So clearly the crows are causing a lot of trouble and if you look at the previous slide, the crows are stealing the seeds and here we have the man trying to get rid of the crows.

Next one, so now the wheat is grown and we have the.

By hand we have the wheat being harvested.

Now interestingly women are doing this as well and look they are like right killed over.

This was a really hard job.

Interestingly its women doing this not the men.

And in the last bit we have the men carrying the wheat or whatever crop it is and stacking it up.

I think this gives us a really nice idea of the way the farming took place in Mediaeval England and this was.

I mean if you look.

If you have the book at frontal view most of the book aside from these slightly weird cartoon characters of maultism and fantastical creatures.

Loved most of these Luttrell Psalter is about what village life was like.

So what I'd like you to do now, just based on what you've just seen, write down three things or two things or four things whatever, about what Mediaeval farming was like based on the images in the Luttrell psalter just for memory what you've just seen and write them down.

A monkey driving a waggon, funny, but its not about mediaeval farming.

So I don't want you to take a look at this lesson that monkeys drove waggons in mediaeval England, they didn't.

It would be hilarious if they did but they didn't.

Here are a few things that I wrote down.

Women fed birds with seeds and used looms to make clothes.

There were no machines, although there were ploughs and there were tools.

People sowed seeds and harvested wheat by hands.

so there weren't machines to do these jobs which are now done by machines.

Both men and women farmed the fields.

So this is interesting cause men were not equal at this time and women had to do all the home stuff as well as harvesting the fields.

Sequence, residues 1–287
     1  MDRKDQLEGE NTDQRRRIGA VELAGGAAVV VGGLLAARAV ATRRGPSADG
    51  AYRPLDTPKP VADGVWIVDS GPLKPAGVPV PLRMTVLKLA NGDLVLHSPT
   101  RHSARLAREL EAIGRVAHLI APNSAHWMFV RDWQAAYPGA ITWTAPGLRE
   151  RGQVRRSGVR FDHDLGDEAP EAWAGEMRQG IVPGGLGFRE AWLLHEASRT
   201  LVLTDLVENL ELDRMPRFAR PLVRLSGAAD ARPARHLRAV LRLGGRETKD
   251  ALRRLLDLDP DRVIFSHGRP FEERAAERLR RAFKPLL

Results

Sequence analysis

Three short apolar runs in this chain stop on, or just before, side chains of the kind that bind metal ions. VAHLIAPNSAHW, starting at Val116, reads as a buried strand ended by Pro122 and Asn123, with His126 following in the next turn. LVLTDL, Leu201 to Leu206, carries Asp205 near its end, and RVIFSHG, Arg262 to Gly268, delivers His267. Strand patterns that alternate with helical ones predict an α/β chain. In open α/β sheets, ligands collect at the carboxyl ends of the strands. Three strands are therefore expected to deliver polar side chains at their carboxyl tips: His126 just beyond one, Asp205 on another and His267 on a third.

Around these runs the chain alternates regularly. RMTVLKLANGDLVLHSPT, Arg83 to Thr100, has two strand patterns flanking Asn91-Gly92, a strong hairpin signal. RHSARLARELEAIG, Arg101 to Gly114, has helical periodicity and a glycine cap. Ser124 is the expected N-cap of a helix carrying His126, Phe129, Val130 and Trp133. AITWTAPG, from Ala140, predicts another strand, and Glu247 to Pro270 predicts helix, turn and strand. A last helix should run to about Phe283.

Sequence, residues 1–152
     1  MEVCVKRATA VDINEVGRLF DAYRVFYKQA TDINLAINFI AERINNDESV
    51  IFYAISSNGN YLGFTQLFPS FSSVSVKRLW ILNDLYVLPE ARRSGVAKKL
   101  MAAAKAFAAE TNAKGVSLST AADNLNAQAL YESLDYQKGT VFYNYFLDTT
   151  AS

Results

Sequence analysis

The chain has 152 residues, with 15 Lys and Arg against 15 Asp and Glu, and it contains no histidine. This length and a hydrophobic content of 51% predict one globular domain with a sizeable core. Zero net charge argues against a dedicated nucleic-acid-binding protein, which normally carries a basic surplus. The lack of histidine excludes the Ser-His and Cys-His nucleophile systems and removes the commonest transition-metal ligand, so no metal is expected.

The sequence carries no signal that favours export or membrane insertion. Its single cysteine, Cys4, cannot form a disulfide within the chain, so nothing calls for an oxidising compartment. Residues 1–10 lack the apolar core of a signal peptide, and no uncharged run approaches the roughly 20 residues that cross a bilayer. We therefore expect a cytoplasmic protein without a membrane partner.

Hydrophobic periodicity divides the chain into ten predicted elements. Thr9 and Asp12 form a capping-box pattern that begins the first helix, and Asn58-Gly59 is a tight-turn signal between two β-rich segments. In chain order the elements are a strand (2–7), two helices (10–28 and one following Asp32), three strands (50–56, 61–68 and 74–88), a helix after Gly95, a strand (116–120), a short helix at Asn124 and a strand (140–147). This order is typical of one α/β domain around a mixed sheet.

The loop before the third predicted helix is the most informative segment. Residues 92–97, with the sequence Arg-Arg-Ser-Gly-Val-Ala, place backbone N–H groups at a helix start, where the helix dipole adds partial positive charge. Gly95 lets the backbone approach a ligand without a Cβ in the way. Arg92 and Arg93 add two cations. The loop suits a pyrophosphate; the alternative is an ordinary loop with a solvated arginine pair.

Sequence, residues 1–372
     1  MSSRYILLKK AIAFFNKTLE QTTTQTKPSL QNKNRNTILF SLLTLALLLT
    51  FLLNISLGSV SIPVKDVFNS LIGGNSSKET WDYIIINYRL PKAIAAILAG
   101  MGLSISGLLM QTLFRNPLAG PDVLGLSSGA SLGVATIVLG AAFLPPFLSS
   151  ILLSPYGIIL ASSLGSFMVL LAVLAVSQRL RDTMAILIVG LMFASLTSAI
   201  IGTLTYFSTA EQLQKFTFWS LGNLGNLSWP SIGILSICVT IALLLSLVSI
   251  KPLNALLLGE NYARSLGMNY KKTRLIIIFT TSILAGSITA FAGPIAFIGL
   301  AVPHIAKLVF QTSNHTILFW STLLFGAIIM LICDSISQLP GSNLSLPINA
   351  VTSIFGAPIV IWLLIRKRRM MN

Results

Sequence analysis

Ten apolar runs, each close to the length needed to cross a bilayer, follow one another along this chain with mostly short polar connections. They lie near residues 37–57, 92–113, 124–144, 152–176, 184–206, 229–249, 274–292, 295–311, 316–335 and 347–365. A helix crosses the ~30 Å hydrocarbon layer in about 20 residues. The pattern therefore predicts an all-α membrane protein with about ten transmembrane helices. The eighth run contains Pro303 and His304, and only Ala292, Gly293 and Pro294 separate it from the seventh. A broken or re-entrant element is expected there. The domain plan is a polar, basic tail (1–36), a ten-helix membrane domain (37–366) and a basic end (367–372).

So the whole village went out into the fields to harvest in the.

And then lastly men carried the wheat to be stacked in bales.

And you can also add, they had a problem with crows and the solution was to get the dog to attack the crow or to use a sling shot to get rid of the crow.

These are all things that we can pick up from looking at this source.

This historical source, remember we talked about sources last lesson.

And this allows us to get an idea of what mediaeval farming, mediaeval life was like at this time.

So now we are going to be looking at different things.

On the screen we have a picture of a field with lots of lines in it.

For a long long time, the countryside wasn't divided into fields sorrounded by hedges like it normally is.

The hedges were added later on.

The English countryside was lots of forests, we have open meadows and also we have.

This could have been a very common site.

Individual areas of land were divided into strips and each strip, you can see the different strips there each line represents a strip and villages were given a couple of strips for their own and then they had to form the strips of the local lords and this was all part of the fieldal system which you would have hopefully seen in the previous inquiry, now this kind of thing doesn't really exist anymore because obviously machines are not ploughed over this humps and this is a really good image of the.

It gives you an idea of how farming looked in mediaeval living.

so what you would have seen just imagine the Lutterall Psalter images, you would have had people walking up and down there with oxen and horses, soaring the seed trying to get rid of the quarries and actually this is great, I stayed with my mom during lockdown and we went for a walk and low and behold I saw some mediaeval field ridges.

That's my mum on the right, I put the arrow over her face coz she doesn't like people taking pictures of her.

In this village just outside this ridge, there are still mediaeval ridges.

I got really excited about this and told all my friends and my friends thought I had gone completely mad but I was really excited about this.